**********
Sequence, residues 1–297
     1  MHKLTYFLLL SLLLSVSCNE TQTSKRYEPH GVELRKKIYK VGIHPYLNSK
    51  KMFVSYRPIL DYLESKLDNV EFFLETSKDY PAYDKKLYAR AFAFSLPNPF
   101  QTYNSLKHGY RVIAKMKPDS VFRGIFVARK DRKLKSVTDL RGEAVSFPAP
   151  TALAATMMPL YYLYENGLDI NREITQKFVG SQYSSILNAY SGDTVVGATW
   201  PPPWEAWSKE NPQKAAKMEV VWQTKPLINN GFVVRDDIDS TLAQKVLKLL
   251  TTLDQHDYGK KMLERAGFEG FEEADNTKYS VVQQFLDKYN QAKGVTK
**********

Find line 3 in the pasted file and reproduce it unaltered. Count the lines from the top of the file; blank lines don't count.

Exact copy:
    51  KMFVSYRPIL DYLESKLDNV EFFLETSKDY PAYDKKLYAR AFAFSLPNPF